Hello: perhaps you don’t remember me, as it’s been so long since I last posted. I am the previously-prolific Feminéma who used to blog at length on movies and feminism while also quietly conducting research on leave from teaching. Now I am the cranky Feminéma who’s starting a new semester and dealing with university bureaucracy, and can barely watch a film without falling asleep.

Hence, my return to revenge films. Can you believe I’d never seen Oldboy before?

That’s right! so much for subtlety, literary dialogue, or nuanced character development. Teachers and professors, let me recommend that you soothe your weary tempers by falling into Park Chan-wook’s amazing, twisted, compelling, and occasionally gross-out tale of Oh Dae-su (Choi Min-sik). Dae-su was kidnapped, brainwashed, and tortured for 15 years only to find himself suddenly and mysteriously released. Filled with fury — not to mention questions about who did this to him and why — he sets off on a crazy, brain-addled quest to avenge his lost years. A female sushi chef joins him in his quest (somewhat inexplicably).

It has the kinetic weirdness of a great Spaghetti Western. If you can stand a few really unwatchable horror scenes (isn’t this why we have hands? to put them in front of our faces?), Oldboy is how to survive the nonsense of the institutions we work for.

What is it about revenge tales, and why is Park so good at telling them? This is the second installment of his Vengeance Trilogy (preceded by Sympathy for Mr. Vengeance, and followed by Sympathy for Lady Vengeance, which I quite liked back when I was grading an awful lot of papers a couple of years ago). Is there something to be said here about South Korean culture and politics and the way these brilliant vengeance tales strike a particular chord?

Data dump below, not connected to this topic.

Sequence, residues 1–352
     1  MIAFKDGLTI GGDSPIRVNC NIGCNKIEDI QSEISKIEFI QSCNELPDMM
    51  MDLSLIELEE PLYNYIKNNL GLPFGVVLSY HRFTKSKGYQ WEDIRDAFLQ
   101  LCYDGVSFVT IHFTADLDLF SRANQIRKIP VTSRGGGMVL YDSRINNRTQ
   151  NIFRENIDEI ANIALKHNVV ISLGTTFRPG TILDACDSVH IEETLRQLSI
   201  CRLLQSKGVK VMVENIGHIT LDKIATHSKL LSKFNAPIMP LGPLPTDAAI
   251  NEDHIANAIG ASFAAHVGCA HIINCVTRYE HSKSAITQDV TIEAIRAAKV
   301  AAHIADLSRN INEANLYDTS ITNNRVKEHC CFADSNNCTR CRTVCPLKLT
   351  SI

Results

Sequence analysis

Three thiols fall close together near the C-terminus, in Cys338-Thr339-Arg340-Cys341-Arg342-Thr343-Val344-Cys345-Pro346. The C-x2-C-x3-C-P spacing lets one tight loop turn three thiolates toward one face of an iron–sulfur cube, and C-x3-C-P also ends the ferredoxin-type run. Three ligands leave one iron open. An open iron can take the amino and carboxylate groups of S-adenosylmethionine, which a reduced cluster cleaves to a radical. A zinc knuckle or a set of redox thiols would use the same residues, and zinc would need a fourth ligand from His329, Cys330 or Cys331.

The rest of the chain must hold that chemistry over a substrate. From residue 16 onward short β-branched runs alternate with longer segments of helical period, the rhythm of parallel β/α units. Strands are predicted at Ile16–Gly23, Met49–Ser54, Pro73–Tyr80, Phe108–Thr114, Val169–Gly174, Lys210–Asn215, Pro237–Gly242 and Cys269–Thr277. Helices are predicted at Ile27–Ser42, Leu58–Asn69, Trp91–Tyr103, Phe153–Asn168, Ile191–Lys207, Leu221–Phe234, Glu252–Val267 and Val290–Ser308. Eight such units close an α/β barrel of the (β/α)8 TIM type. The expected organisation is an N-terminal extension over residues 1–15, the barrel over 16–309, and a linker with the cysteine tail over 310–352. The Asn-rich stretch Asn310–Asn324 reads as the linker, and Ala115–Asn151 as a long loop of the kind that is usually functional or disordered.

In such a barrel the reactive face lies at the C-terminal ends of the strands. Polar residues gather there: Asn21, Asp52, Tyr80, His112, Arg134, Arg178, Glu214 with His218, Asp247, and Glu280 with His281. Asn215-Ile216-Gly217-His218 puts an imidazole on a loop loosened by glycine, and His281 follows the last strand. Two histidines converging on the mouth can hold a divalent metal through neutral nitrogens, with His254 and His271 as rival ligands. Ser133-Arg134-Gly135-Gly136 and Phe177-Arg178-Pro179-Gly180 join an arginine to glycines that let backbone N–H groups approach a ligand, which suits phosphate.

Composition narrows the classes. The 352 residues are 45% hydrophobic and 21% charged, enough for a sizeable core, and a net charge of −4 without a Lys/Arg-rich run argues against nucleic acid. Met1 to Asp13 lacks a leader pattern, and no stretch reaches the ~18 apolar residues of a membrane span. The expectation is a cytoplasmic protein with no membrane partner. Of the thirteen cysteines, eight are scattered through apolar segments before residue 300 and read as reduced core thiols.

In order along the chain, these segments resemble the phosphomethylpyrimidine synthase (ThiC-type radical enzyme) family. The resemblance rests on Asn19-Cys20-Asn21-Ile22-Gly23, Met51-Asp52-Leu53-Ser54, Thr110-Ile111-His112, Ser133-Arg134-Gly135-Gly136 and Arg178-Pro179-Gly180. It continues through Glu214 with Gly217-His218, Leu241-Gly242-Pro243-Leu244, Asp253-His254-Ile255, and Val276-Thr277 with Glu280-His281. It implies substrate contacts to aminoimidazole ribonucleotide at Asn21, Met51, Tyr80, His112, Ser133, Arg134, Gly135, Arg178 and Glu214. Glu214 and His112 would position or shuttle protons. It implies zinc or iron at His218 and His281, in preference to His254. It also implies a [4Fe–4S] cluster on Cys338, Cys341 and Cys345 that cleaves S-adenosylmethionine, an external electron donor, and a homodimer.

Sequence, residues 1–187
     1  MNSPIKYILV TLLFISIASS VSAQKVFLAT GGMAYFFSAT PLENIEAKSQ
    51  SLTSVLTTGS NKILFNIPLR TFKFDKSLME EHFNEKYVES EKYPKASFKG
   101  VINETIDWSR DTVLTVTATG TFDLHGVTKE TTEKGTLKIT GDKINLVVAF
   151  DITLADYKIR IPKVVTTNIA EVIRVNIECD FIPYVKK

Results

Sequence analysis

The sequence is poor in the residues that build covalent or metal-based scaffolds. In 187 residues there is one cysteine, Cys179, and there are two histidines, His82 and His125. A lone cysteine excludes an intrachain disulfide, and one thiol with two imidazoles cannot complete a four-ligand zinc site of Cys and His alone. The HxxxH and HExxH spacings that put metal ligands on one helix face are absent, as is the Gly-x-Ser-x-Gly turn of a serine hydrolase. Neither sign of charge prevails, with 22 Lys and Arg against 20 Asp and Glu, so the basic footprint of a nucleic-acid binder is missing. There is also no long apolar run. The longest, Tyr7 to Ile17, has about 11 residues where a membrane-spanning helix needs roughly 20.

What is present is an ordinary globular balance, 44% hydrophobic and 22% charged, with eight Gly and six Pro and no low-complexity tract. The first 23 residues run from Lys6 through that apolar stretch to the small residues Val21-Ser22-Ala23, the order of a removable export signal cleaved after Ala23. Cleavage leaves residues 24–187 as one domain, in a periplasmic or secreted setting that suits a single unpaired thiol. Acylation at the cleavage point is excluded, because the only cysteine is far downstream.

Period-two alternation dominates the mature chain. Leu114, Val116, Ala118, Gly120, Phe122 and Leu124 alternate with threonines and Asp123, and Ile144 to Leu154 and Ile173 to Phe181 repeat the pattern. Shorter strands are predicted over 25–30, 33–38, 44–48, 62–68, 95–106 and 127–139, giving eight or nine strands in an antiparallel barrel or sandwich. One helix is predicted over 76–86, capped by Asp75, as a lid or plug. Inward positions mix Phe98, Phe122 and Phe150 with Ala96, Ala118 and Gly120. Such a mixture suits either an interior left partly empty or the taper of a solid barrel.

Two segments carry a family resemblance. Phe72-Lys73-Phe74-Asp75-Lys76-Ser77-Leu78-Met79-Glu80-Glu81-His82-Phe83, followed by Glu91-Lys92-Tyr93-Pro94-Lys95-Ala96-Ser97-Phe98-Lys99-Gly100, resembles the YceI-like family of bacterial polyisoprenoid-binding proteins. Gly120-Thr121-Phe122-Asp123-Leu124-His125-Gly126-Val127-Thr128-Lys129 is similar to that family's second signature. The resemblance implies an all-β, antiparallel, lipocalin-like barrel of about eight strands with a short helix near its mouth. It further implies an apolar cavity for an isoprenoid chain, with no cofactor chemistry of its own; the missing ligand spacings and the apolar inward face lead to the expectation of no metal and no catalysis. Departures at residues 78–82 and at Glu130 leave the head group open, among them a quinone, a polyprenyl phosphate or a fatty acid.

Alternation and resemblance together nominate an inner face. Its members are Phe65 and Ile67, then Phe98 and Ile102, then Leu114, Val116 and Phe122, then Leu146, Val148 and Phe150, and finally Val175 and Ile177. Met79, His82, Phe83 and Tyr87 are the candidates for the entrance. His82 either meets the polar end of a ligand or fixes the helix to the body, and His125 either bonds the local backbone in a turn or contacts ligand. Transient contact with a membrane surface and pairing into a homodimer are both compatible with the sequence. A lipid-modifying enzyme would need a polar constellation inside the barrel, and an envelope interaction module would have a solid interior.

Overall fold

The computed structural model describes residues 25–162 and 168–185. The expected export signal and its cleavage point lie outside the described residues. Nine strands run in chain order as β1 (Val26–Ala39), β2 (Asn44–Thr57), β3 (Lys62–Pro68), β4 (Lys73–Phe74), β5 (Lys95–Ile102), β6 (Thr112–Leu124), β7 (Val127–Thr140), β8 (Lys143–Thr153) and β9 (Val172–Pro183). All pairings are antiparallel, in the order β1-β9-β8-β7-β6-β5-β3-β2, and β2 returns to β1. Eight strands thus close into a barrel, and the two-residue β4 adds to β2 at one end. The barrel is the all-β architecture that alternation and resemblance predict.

They certainly strike a chord with me. The revenge narrative seems so cathartic because it so often features a protagonist who’s helpless to prevent something bad from happening — so, in response, he/she undertakes a strict regimen of physical and mental training to be ready to exact revenge. That single-minded pursuit, and the clarity of the vengeance motive … oh, I can’t tell you how gratifying it is for those of us who spent an hour on hold waiting for some university administrator.

But it’s not just the actual vengeance; it’s also the ragged edges. The fact that Dae-su is going crazy in his cell as his hair grows longer and frizzier. The fact that exacting revenge is fraught with ambivalence and new revelations about himself and his enemy, revelations that affect his mental clarity.

You see? The vengeance movie shows you that revenge is madness, and perhaps even unsatisfying or soul-destroying. Which is just what I need at the end of a long week, when I looked quite similar to that image of Dae-su, all crazy hair and teeth.

Ordinarily I would have cared more that the female role of Mi-do (Kang Hye-jeong, above) is so lackluster, but hey, that would take some feminist ire that I’ve suppressed to get my full intake of vengeance vitamins. Maybe I’ll muster more bile for the Spike Lee remake of the film, reportedly starring Samuel L. Jackson. I promise you, friends, I have not lost the bile; it’s just a question of administering it to the truly deserving.

In the meantime it’s back to lecture-writing and making the longest to-do lists known to humankind. As much as I do love those regular wages, I tell ya: professoring really tests one’s capacity for institutional bullshit.

Advertisements